We here at performance soccer know that mentality is a very important component of your game. If you want to know how to be a better soccer player
We have all seen great players have bad days on the field, and not-so-great players have amazing days. Why is this?
It’s because of their ability to channel their mind.
1. Be the hardest working player on the pitch. Always.
This one is obvious, but it is #1 because it is not something you can turn on and off like a light switch. If you start to get lazy you are sending your brain the message that it’s OK to be lazy and complacent on the field. Obviously, it’s less demanding and easier to give yourself some slack. However, the small things you do will snowball into big things.
Think of each game or practice session like an opportunity to add fuel to a fire. You can either add fuel to the “lazy” fire or add fuel to the “hard working” fire. One individual session, just like one individual log of fire wood isn’t going to make or break you. But, if you consistently fuel the wrong fire, it will grow into a big uncontrollable flame and you wont be able to stop it when you need too. However, if you fuel the “hard working” fire it will be a big unstoppable flame whenever you need it. So, do you want to be stuck in the habit of being complacent and lazy on the pitch, or stuck in the habit of working as hard as you can?
Even if you can’t be the fastest, strongest, most technical or smartest player, you can always be the hardest working. Make sure that you are the hardest working at every practice and every game and you are guaranteed to improve. This is not about comparing yourself to others. It’s about comparing yourself to your own standards
2. Sprint back.
This is a mental thing to work on because most players hate tracking back, so they are pretty casual about it (if they even do it at all). If you can get in the habit of mentally urging yourself to sprint back instead of jogging when you track back, you will be in a better position to take care of your defensive responsibilities.
You’ll make the other team work harder to catch you, and you will notice that the game is easier when you are proactive about getting back. So, don’t walk or run, sprint the first 3 steps when you know you have to get back. You can rest when you get there or after the first 3 steps. You’ll notice there are very few players that do this, so you will definitely stand out in a positive way. Do this at all games and practices.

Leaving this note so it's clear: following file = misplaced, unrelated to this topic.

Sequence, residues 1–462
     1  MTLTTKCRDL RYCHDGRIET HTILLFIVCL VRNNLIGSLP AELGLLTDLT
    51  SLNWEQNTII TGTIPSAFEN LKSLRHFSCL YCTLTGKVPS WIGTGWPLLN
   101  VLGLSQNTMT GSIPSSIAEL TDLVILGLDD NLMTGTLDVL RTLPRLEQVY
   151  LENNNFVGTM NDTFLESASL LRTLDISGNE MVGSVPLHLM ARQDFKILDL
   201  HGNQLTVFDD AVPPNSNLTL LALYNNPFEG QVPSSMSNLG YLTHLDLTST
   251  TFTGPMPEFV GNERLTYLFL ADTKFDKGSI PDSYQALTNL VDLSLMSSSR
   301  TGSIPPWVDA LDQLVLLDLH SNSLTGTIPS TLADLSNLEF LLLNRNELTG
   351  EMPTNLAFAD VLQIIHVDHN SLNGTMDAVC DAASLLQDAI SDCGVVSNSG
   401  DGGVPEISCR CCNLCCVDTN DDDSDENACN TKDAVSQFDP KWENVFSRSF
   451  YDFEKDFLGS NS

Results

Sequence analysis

3. Concentrate on the basics first.
When a game starts, especially a big game, many players are eager to start showing off their moves. They want to take players on and score a goal in the first 10 minutes. You must actively resist the urge to do this.
Instead, focus on getting the basics right for your first few touches. The first few touches of the game (first 5-10 mins) should be doing the simple things right. Receive the ball properly with the inside of your foot, then pass it to an open player. Don’t start running at people, because if your first touch of the game is an attempted run where you lose the ball, your confidence will take a hit.The rest of the game from that point will be an uphill battle against the voices in your head. So keep it simple at first.
It will build your confidence and empower you to take on greater things, especially if you tend to get nervous before games.
4. Take practice as seriously as a match.
5. Commit to seeing through every single play.
This is another time when you have to consciously fuel the right fire. If you get in the habit of giving up on a play prematurely, it will be tough to break that habit when it counts and your game will suffer because of it.